The opportunity-driven movement of investors into retail warehousing has escalated from the odd example to a clear trend. Yet, while attention has focused on their potential for last mile distribution use, repurposing will be gradual and more nuanced.
Trauma in retail
Long before the pandemic hit, seismic change in UK shopping habits, fuelled by the rise of ecommerce, was already wreaking damage across the retail occupier markets. The pandemic has compounded this, fast-forwarding structural change that was already in train.
The trauma is reflected in performance, with falling rents and softening yields throwing investors into full scale retreat. However, within the retail arena, retail warehousing is being viewed in a more positive light. This is partly down to the relative convenience it offers, but what really stands them apart is their alternative use potential.
Bucking the trend
While investment demand is extremely thin for retail property, least of all shopping centres, retail warehouses have led the opportunity play in the sector. Two key factors have helped to fuel this movement; the relative value retail warehouses offer compared with competing uses, namely industrial, and, more recently, major reform to the Use Class Order in the UK planning system.
This movement is clear to see in investment volumes. While investment into retail warehousing sank to a record low in 2020, its share of investment within retail as a whole actually climbed to 40%, having typically accounted for around 25% of retail investment historically.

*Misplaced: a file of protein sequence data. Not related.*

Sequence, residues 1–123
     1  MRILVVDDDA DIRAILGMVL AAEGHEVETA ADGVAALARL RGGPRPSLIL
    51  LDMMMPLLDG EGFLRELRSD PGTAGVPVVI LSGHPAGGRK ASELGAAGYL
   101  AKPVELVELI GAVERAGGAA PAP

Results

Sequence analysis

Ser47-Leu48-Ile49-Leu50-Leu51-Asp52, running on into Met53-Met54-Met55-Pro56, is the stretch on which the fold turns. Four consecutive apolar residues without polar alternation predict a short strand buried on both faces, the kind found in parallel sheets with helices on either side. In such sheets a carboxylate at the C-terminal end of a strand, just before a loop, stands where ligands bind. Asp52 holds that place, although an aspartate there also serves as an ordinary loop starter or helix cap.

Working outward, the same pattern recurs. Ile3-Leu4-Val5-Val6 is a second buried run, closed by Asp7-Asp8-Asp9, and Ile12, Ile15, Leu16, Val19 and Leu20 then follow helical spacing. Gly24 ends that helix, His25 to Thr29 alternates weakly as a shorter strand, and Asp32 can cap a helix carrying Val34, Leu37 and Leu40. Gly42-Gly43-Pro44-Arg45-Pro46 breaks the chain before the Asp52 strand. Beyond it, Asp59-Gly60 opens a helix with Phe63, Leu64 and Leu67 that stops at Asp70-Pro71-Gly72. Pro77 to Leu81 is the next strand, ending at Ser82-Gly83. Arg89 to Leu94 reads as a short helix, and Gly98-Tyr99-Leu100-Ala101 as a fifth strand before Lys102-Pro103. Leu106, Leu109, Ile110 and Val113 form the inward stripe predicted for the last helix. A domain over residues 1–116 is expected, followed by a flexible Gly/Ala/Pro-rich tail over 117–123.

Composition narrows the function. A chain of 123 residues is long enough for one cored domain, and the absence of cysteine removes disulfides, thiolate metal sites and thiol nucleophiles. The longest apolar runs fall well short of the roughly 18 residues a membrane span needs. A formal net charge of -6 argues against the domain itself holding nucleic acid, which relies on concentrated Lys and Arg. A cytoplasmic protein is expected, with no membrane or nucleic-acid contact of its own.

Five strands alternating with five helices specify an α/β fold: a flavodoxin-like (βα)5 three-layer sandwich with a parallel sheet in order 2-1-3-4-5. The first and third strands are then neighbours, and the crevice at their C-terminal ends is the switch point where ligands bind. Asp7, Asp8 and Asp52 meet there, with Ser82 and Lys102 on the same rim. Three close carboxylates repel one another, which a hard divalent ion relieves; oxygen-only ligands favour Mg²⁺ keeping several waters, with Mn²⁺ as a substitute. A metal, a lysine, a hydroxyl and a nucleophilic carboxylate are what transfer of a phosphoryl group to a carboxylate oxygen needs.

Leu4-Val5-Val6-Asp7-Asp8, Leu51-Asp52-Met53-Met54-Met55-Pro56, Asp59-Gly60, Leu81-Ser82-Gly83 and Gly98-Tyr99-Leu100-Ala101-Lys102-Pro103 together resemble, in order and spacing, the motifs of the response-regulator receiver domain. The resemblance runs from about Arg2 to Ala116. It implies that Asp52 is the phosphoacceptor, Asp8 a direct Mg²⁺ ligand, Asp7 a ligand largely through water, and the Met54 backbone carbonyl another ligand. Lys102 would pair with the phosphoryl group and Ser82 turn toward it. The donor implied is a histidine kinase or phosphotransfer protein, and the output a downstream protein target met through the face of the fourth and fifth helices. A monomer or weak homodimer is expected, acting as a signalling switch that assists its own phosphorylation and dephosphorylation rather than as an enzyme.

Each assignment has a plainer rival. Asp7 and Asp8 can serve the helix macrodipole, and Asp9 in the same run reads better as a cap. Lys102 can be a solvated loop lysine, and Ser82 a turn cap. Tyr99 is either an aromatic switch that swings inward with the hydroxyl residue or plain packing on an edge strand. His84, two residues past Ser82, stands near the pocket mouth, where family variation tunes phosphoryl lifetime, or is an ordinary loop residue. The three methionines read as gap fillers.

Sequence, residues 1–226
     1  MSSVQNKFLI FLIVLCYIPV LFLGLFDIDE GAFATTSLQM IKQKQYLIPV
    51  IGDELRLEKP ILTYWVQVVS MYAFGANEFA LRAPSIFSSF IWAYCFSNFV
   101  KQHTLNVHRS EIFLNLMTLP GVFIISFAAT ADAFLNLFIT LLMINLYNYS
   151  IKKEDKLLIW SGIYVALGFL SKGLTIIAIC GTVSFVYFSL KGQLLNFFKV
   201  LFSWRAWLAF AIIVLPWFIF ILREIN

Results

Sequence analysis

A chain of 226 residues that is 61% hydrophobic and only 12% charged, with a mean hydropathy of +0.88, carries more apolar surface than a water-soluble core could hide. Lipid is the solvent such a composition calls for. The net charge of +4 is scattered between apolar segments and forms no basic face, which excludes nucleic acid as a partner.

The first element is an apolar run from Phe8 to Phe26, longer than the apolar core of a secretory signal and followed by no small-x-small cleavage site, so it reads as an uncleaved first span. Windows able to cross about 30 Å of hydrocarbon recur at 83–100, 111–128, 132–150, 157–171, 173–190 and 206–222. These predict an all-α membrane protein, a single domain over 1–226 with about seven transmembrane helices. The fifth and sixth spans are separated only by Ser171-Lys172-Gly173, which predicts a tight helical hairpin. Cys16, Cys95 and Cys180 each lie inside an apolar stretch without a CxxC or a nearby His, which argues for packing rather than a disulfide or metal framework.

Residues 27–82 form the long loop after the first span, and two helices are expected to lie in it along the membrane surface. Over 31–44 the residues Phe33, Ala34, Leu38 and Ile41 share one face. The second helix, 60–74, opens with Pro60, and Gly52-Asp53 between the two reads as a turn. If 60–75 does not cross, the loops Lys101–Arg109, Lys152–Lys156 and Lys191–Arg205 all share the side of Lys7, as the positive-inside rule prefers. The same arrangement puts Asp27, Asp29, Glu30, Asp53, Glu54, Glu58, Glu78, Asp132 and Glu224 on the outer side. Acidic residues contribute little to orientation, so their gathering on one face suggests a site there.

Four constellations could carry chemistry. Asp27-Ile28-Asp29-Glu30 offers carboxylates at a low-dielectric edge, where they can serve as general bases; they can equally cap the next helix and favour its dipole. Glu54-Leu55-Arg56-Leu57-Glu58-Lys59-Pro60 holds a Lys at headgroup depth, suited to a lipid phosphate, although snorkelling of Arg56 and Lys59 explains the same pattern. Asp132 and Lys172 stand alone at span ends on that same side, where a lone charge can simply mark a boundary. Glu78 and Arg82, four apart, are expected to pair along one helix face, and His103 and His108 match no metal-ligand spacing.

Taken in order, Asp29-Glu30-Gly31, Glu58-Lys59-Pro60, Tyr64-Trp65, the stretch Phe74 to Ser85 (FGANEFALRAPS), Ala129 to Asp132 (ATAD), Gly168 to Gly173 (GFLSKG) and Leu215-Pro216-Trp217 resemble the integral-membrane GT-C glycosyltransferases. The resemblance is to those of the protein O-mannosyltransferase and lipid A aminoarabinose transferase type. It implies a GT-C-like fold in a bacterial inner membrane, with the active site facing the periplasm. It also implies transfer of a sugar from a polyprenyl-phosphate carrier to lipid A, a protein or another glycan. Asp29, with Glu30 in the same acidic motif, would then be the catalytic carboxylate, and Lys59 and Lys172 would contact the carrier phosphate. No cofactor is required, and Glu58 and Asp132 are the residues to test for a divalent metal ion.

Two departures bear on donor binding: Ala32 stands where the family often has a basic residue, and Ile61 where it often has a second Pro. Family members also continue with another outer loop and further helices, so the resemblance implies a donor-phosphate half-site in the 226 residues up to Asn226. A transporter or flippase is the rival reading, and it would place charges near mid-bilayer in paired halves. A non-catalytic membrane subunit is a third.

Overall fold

Attracting industrial players
Much has been made of the potential to convert retail warehousing to industrial - or specifically last mile distribution – uses, as the main driver of investment interest. This would certainly appear to be the case, with many of the recent buyers of retail warehousing either exclusively or regularly associated with investment in the industrial sector.
Tritax’s Metrobox vehicle, a joint venture with Delancey, was arguably the first to enter this space, purchasing £291m of retail warehouse assets over the past two years, while M7 has been the most prolific, investing £338m across 14 assets over the period. Other notable buyers include Argo Real Estate, ProLogis, Federated Hermes and even Amazon, the latter buying Pentavia Retail Park, NW7, London - a vacant site previously earmarked for residential - for redevelopment to last mile fulfilment in Q2 2020.
Big change is a way off
Despite the purchasing activity, it remains to be seen how much of this will ultimately be converted. To date, plans to repurpose retail parks to different uses remain confined to the drawing board, save for the occasional standalone unit, such as Nuveen’s lease of a former Toys R Us unit in Croydon to Amazon in 2020.
The main barrier to change of use is that rental values for retail warehousing continue to sit significantly ahead of industrial, despite falls in the former and rapid growth in the latter. Add to this the costs of redevelopment and the logistical difficulties of vacating a multi-tenanted site, it is little wonder that enacting physical change has lagged investment considerably.
Above all, the value proposition has been the largest pull towards the sector. The tenant covenants associated with retail warehouse occupiers will often already be familiar to industrial landlords, yet the yield spread between an industrial and a retail warehouse asset with the exact same covenant maybe as much as 200 basis points in the current market.